Ethics Commission officials say campaign finance reports ensure the integrity of the election process by informing the public about a candidate's funding sources and expenditures. The actions are the latest sign of trouble for the School Board, whose incumbents are beginning to draw opposition for the Sept. 18 election after a public uproar over some board members' treatment of popular School Superintendent Anthony Amato. Qualifying for all seven district seats runs from Aug. 4-6.
Fahrenholtz has represented District 3 since 2000. An attorney, he has been subpoenaed to appear before the Ethics Commission Aug. 12 to respond to charges he owes the state $4,000 in fines for failing in a timely manner to file two campaign finance reports. Fahrenholtz, who recently helped fight off a reported board coup against Amato, says he will appeal the fines -- at least until the Sept. 18 primary election rolls around. Fahrenholtz acknowledges that his dispute with the state ethics folks has escalated since last year, when he initially was fined $2,000 for filing a campaign finance report 267 days late. He has since been fined an additional $2,000 for failing to file a second report due Feb. 17, which was more than 139 days past due by press time.
"That is the same situation I was in before; it's built some," Fahrenholtz says. "If I can't get it overturned, then I will just go ahead and pay it. I think I'm in the right and they (the ethics board) are not. It's a paperwork thing. It's no big deal."
Ethics Commission attorney Alesia Mottle says Fahrenholtz's fines could soon total $10,000 -- more than the average School Board member's annual salary. Fahrenholtz has until July 12 to file his second campaign report or, Mottle says, she will seek an extra $6,000 in penalties. Fahrenholtz's hearing before the commission is scheduled to begin Aug. 12 -- six days after qualifying closes.
Fahrenholtz's strategy against the charges contains an element of risk. Under state law, any political candidate who spends campaign funds while owing the ethics board money -- after appeals have been exhausted -- may be assessed a civil penalty "not to exceed 200 percent of expenditure or $1,000, whichever is greater." Fahrenholtz, whose district includes Lakeview and parts of Mid-City, had no announced opposition at press time.
Meanwhile, Carolyn Green Ford, an administrator of the Total Community Action anti-poverty agency who has been representing School Board District 5 since she was first elected in 1992, allegedly owes $8,600 in fines and penalties for tardy campaign reports, including one filed 392 days late. The ethics board is seeking to garnish her School Board salary until the debt is paid, commission attorney Mottle said.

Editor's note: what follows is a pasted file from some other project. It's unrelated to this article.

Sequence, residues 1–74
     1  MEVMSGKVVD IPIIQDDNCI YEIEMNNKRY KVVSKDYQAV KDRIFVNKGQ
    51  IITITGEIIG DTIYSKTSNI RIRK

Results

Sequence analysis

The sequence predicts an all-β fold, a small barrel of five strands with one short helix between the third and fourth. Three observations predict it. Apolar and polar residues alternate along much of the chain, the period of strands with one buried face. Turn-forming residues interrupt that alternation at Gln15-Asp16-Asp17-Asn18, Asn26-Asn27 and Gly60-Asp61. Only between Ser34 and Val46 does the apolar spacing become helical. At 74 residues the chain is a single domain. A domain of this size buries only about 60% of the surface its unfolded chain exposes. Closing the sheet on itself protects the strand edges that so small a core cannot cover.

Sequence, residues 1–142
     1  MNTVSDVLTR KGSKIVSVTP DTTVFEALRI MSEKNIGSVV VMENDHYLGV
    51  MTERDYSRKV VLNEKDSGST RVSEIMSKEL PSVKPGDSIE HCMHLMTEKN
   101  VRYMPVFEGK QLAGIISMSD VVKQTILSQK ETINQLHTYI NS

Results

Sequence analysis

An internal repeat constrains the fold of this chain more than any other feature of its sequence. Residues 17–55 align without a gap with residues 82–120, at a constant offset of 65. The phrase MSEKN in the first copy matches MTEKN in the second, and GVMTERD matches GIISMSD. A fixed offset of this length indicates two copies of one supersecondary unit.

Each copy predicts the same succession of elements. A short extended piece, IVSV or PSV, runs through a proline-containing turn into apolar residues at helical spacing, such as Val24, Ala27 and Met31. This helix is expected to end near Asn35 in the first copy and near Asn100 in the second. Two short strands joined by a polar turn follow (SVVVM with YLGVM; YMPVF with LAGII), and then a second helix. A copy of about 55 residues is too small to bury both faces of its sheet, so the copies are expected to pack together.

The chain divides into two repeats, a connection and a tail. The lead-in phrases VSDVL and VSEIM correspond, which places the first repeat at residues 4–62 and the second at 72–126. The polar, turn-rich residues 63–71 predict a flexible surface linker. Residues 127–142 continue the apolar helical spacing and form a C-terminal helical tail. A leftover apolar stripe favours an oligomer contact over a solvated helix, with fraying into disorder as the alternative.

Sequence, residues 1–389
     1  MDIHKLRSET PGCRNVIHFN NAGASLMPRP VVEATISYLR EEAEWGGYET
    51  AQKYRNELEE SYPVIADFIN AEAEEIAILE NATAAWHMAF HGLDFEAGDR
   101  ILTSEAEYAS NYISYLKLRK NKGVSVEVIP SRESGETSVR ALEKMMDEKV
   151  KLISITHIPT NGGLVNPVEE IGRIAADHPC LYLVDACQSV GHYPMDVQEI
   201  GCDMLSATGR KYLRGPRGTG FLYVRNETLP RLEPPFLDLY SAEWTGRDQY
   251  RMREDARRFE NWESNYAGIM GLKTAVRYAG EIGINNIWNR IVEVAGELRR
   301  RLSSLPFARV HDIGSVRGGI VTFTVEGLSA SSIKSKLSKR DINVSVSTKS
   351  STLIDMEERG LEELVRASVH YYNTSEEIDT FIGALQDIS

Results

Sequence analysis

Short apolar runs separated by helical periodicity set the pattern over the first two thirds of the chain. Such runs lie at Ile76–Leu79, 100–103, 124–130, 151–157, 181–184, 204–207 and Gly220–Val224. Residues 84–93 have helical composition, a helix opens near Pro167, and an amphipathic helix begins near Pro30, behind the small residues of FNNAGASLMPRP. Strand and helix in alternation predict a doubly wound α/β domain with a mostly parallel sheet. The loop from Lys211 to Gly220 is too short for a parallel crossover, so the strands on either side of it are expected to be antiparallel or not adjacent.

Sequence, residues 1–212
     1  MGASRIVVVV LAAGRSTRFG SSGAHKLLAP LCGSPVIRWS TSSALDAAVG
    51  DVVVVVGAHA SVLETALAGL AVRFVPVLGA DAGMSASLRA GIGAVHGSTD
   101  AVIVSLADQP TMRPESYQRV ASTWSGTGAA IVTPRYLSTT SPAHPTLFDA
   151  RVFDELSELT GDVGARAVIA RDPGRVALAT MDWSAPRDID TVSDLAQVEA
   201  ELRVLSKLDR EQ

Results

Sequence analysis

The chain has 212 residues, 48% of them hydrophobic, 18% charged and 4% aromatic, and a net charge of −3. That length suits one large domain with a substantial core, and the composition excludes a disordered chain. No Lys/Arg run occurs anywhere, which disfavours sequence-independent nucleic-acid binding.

In a recent letter to the School Board's payroll department, Mottle wrote that pursuant to state law, "the non-exempt portion of [Ford's] public salary will be forfeited beginning July 23, 2004 until the (Ethics) Board has received payment in full."
In response, Ford says that the person who usually files her campaign reports did not file it. "I'm going to try and resolve it," she says.
Adding to Ford's woes is last week's announcement that she will have opposition in the Sept. 18 primary. "I hate that I have opposition for the reason that I have opposition," Ford says, referring to what she calls widespread "untrue statements" that she supported a failed attempt to fire Amato.
Phyllis Landrieu, the aunt of one of the state's U.S. senators, its lieutenant governor and a local civil court judge, says she is running a "reform" campaign to give new leadership to the Uptown district. A veteran of some 50 campaigns who has never held elected office herself, Landrieu recently received her master's degree in education from the University of New Orleans. She has served on state education advisory councils, and from 1997 to 1999 was a member of the United Negro College Fund Board. During the 1970s, she served for eight years on the New Orleans Aviation Board.
In other district news:
• In School Board District 1, which covers parts of eastern New Orleans and the Lower Ninth Ward, college educator Heidi Lovett Daniels last week announced she is challenging incumbent Cheryl Mills, who is president of the board. Mills was reportedly part of the faction that tried to oust Amato. Daniels, a political newcomer and a doctoral candidate in education administration at UNO, is an assistant professor of education at Dillard University. Mike Glapion, an insurance agent and political newcomer, also might enter the race, sources say.
• District 2 incumbent Gail Glapion (who is not related to Mike Glapion) has not announced opposition, even though she has said she is retiring after winning five elections to the board since 1984. Glapion stayed neutral in the recent dispute over Amato's fate but indicated support for the superintendent.
• In District 4, incumbent Ellenese Brooks-Simms may get opposition from mayoral press secretary Patrick Evans and assistant city attorney Tommy Robichaux, sources say. First elected in 2000, Brooks-Simms has been an outspoken critic of Amato.
• District 6 incumbent Una Anderson, who went to court to block Amato's firing, had no opposition at press time. She was elected in 2000.
• District 7 incumbent Elliot "Doc" Willard, reportedly part of the initial anti-Amato faction, won unopposed in 2000. He has yet to draw an opponent.